Review: Obaaberima (Buddies in Bad Times Theatre)

Tawiah Ben M’Carthy’s play returns to Toronto’s Buddies in Bad Times as part of its 40th season

Tawiah Ben M’Carthy’s Obaaberima, currently playing at Buddies in Bad Times Theatre as part of their 40th season, is a visceral and emotional triumph. With fierce honesty, M’Carthy takes us on a journey that spans continents and weaves gender, race and sexuality into a rich and colourful tapestry of self-discovery. 

In prison on the eve of his release, a young man from Ghana, Agyeman, prepares to re-enter the world by telling us his story. The characters and environments that he calls forth are so compelling, you almost forget that we began in a prison cell. The dark bars of the set lurk in the background, though, as a reminder that his story will eventually come back to that cell and the event that put him in it.

Agyeman takes us back to his childhood in Ghana where he discovers an interest in wearing his mother’s dresses and sneaking secretive glances of himself in the mirror. He is teased by other children for being an “Obaaberima”—a derogatory term that means something like “girly boy” (Obaa: Woman, Oberima: Man)—and takes refuge in the shop of an older man, a dressmaker.

Over the next few years, his relationship to this man grows, as does his appreciation of clothing and the power that lies in the attitude with which it is worn. It is under the loving guidance of this mentor that Agyeman develops the female aspect of his personality. He also becomes infatuated with a local boy his own age; this relationship begins to strengthen Agyeman’s sense of his own masculinity.

M’Carthy perfectly captures the strange way in which our sense of who we are changes with the varied expectations and provocations of the people we encounter, especially those we love. His evocative text and expressive body language captures both the beauty and terror contained in our complex  identities, as well as the empowerment that comes from fully realizing all our disparate aspects.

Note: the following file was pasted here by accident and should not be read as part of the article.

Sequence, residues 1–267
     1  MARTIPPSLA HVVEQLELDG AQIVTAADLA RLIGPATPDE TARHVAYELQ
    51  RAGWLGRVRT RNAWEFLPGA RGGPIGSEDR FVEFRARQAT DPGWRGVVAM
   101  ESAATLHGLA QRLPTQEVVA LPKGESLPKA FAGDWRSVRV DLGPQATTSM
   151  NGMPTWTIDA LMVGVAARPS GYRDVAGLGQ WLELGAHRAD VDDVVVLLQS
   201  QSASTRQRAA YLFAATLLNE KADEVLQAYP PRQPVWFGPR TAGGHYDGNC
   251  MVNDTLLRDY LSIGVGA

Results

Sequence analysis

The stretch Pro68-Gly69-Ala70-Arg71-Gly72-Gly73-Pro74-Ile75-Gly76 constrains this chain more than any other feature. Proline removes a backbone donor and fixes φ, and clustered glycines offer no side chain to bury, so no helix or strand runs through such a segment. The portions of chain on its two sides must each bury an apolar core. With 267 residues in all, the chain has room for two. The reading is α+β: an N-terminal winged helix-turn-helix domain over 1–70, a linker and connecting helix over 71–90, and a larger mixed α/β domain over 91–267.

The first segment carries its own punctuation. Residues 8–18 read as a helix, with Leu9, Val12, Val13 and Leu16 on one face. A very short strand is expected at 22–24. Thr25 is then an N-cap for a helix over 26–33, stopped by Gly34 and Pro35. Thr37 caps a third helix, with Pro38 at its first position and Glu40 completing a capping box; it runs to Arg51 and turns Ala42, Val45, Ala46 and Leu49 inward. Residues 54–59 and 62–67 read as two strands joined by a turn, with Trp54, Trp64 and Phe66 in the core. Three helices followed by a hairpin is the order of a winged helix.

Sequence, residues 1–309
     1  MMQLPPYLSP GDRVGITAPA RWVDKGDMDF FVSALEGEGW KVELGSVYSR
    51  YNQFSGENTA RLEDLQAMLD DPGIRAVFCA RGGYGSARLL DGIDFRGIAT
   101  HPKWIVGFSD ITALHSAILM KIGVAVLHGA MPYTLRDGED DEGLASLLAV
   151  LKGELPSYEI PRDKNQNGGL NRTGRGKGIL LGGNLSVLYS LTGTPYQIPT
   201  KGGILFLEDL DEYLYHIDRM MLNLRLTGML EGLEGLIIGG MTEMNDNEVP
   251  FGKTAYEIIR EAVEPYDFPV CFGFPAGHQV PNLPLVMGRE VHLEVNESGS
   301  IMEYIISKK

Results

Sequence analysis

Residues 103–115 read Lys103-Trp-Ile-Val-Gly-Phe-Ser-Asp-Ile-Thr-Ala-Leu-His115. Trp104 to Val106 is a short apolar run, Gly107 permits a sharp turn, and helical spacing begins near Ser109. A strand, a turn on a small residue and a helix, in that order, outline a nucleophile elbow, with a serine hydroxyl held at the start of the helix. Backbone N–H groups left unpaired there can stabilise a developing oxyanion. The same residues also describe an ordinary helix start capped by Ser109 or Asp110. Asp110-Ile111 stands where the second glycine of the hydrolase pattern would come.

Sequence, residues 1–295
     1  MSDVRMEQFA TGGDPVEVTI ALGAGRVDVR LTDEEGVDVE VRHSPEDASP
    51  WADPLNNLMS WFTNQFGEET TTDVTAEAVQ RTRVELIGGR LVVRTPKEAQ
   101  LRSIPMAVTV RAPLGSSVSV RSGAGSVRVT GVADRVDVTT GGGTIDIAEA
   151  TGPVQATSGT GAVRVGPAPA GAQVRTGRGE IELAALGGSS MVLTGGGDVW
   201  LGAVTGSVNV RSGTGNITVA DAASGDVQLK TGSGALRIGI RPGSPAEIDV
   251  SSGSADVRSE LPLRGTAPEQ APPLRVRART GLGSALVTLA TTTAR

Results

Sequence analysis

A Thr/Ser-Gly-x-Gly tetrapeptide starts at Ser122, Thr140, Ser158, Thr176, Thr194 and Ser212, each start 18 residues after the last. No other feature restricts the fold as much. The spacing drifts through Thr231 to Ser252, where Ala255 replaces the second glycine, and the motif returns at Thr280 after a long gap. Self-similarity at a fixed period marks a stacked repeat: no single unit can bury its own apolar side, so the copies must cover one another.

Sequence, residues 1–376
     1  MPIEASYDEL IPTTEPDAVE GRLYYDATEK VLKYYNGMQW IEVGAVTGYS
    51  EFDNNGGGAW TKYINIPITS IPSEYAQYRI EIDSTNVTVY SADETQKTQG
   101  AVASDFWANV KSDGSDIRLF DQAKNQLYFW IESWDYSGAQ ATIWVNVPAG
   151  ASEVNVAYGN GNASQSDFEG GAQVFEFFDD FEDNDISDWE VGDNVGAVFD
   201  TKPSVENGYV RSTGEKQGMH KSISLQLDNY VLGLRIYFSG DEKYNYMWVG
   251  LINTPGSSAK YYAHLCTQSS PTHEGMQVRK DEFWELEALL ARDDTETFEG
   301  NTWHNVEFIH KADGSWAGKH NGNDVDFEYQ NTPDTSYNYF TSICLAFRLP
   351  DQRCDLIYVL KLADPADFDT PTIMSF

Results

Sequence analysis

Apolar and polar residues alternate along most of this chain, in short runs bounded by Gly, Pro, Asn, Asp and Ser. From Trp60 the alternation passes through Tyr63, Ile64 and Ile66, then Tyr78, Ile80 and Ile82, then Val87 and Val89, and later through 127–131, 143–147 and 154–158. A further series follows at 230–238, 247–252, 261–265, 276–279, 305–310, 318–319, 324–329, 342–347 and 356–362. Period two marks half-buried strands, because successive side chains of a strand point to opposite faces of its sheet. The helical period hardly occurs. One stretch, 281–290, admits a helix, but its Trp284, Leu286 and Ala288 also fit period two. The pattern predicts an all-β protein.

As Agyeman makes a life for himself in Canada, he continues to explore the many different versions of himself with an assortment of lovers. With genuine humour, M’Carthy deftly conveys an array of diverse characters and erotic adventures, each one contributing to some vital aspect of his personality. 

Evalyn Parry’s direction is deceptively simple and reveals a firm trust in M’Carthy’s ability to hold our attention. The production employs some minimal lighting effects to help with mood and transitions, most of it very subtle. Especially nuanced is the way lighting designer Michelle Ramsay lets warmth and colour creep in at key moments. The focus is always on M’Carthy’s layered, sensual and intense portrayal. He’s a persuasive storyteller and every breath, line and gesture feels significant and truthful.

Kobèna Aquaa-Harrison’s percussive live score, present throughout, is masterfully incorporated. Some transitions are punctuated with an overt beat, but more frequently—and perfectly—it seems to delicately echo the rhythms of M’Carthy’s pulse, rising and falling with his physical and emotional movements.

When he finally reveals the event that landed Agyeman in prison, M’Carthy delivers a simple yet thrillingly cathartic moment. It is a heartbreaking collapse followed by an intense eruption—a hypnotic demonstration of all the pent up emotions that have been building in him up to that moment.

Obaaberima resonates as a testament to mythic ideas made flesh. M’Carthy’s does more than just display diverse character traits; he convinces you that an individual can sincerely be many people, can defy and embrace gender simultaneously.

I left the theatre feeling humbled, inspired and awe-struck.  


  • Obaaberima plays until December 9, 2018 at Buddies in Bad Times Theatre (12 Alexander St.)
  • Shows run Tuesday through Saturday at 8:00pm, with a Sunday matinee at 2:30pm.
  • Tickets are $20 to $40, with Pay-What-You-Can tickets available (see show page for details)
  • Tickets can be purchased online or by phone (416.975.8555)

Photo of Tawiah M’Carthy by Jeremy Mimnagh